Friday, December 18, 2009

With the Old Breed

With the Old Breed: At Peleliu and Okinawa
© 1981 Eugene B. Sledge
326 pages

The recruiting sergeant asked me lots of questions and filled out numerous official papers. When he asked, "Any scars, birthmarks, or other unusual features?" I described an inch-long scar on my knee. I asked why such a question. He replied, "So they can identify you on some Pacific beach after the Japs blast off your dog tags."

I've been at my university for two and a half years now, and have heard much about Eugene Sledge's With the Old Breed, largely because he taught biology at this same university for several decades. History majors in particular hear about Sledge, as our professors are quick to recommend it. They do so with good reason. With the Old Breed is titled as such because Sledge, an Alabama native, fought two major battles of the Pacific War in the oldest and most experienced division and battalion in the Marines: pride in his company and its history marks Sledge throughout the book.

The book is written in a simple narrative, as the author values communicating a sense of the grittiness of his and his comrades' life than he is about composing artistic sentences. Style is simple, and sentences are short and to the point. Sledge's personal accounts are supplemented by italicized portions of text that allow Sledge to speak as as historian, as there he explains Pacific strategy relating to his experiences as he now understands it, or offers greater detail on subjects that Sledge-as-soldier missed.This is easily the grittiest war memoir I've ever read, perhaps even the grittiest book:  I've read other Pacific War memoirs (William Manchester's Goodbye, Darkness and  Samuel Stavisky's Marine Combat Correspondent come to mind), but they don't come close to rivaling this book in terms of visceral detail. I stopped reading at several points to recover. His accounts prior to and following the attack on Shuri Castle are especially grim. One of the more miserable scenes depicted in the book is of Sledge serving as a forward artillery observer beyond the platoon's main lines: he maintained a nightly vigil over an area he describes in this way:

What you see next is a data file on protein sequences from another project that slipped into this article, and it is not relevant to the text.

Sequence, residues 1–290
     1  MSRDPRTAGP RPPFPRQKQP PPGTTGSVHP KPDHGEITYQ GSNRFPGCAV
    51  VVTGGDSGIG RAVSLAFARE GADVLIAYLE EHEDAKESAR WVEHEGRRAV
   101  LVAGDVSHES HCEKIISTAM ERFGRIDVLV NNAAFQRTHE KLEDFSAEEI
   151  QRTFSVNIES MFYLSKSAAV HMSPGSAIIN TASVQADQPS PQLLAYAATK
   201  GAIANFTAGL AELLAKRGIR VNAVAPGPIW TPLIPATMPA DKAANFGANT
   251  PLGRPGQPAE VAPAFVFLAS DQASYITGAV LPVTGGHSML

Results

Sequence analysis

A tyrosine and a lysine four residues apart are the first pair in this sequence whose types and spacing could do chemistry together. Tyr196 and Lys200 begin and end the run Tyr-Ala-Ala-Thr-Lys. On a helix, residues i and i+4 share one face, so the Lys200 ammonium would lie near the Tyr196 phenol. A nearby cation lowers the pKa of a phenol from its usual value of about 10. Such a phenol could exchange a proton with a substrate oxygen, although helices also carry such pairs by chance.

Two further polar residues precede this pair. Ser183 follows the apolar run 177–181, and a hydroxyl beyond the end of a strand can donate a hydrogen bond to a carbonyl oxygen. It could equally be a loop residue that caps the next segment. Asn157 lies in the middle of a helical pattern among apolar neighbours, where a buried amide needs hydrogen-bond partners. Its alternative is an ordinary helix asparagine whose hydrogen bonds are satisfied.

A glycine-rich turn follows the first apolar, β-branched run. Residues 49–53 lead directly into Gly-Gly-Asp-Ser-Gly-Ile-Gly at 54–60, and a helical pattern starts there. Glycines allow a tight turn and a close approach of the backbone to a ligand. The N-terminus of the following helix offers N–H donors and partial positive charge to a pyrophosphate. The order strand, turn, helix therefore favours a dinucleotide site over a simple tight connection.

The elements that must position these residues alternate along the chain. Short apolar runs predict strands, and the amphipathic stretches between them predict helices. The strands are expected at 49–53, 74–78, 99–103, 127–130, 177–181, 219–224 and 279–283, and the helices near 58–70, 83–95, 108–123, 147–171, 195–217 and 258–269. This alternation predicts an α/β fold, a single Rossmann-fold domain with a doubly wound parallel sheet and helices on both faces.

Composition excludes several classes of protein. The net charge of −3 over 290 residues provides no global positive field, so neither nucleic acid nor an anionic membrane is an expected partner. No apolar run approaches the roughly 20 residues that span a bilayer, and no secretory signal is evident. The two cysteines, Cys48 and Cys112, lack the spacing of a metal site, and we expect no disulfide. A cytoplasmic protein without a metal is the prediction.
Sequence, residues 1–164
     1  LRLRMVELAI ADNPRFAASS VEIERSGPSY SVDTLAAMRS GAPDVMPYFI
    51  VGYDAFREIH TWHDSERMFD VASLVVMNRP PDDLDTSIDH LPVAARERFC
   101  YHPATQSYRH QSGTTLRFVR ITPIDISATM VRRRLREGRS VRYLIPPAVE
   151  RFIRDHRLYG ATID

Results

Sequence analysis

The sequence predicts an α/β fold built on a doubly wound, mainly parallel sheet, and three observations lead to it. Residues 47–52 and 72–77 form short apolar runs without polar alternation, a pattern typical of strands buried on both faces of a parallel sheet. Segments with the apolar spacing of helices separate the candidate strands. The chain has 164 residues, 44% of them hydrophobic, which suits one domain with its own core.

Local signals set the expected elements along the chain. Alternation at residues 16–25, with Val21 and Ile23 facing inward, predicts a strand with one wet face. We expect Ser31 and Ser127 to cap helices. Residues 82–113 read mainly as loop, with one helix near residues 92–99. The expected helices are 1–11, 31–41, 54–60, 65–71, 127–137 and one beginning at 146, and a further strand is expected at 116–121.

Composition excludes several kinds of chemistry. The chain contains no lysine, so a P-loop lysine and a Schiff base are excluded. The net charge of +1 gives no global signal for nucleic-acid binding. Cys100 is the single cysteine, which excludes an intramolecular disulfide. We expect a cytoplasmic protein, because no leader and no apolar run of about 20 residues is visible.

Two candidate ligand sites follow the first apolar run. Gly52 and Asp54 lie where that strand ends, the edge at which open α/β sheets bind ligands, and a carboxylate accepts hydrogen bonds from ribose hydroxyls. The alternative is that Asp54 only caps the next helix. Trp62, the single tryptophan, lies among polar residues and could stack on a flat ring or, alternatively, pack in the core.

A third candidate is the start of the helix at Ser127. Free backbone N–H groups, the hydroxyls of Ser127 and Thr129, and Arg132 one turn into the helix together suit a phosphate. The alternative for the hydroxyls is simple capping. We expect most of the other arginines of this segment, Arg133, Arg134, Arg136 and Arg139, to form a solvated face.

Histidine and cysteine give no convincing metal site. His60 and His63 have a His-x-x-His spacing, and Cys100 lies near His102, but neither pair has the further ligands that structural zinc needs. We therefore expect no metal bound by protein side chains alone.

Everywhere lay Japanese corpses killed in heavy fighting. Infantry equipment of every type, U.S. and Japanese, was scattered about. Helmets, rifles, BARs, packs, cartridge belts, canteens, shoes, ammo boxes, shell cases, machine-gun ammo belts, all were strewn about us up to and over Half Moon.
The mud was knee-deep in some places, probably deeper in others if one ventured there. For several feet around every corpse, maggots crawled about in the muck and then were washed away by the runoff of the rain. There wasn't a tree or bush left. All was open country. Shells had torn up the turf so completly tht ground cover was nonexistent. The scene was nothing but mud; shell fire; flooded craters with their silent, pathetic, rotting occupants; knocked-out tanks and ambtracs; and discarded equipment -- utter desolation.
The stench of death was overpowering.[...] I existed from moment to moment, thinking death would have been preferable. We were in the depths of the abyss, the ultimate horrors of war. [...] [I]n the mud and driving rain before Shuri, we were surrounded by maggots and decay. Men struggled and fought in an environment so degrading I believed we had been flung into hell's own cesspool.

Soon after, he is ordered to dig a foxhole -- but stumbles into the shallow grave of a Japanese soldier, not that the NCO who ordered foxholes to be dug five feet apart from one another cared. Sledge doesn't spend a lot of time talking about combat itself, although it does happen as very active background. Only in a few instances does actual combat enter into the picture, as it does when he describes his first time shooting a Japanese intruder at close range. It seemed to me that a lot of attention was paid to the absolute hellishness of the conditions. Slege also railed against the stupidity of war in general,  but ended on the grudging note that sometimes hell has to be endured for a righteous cause. The book is an invaluable resource for historians, offering dismal details on the physical and emotional conditions and suffering of Pacific War soldiers.

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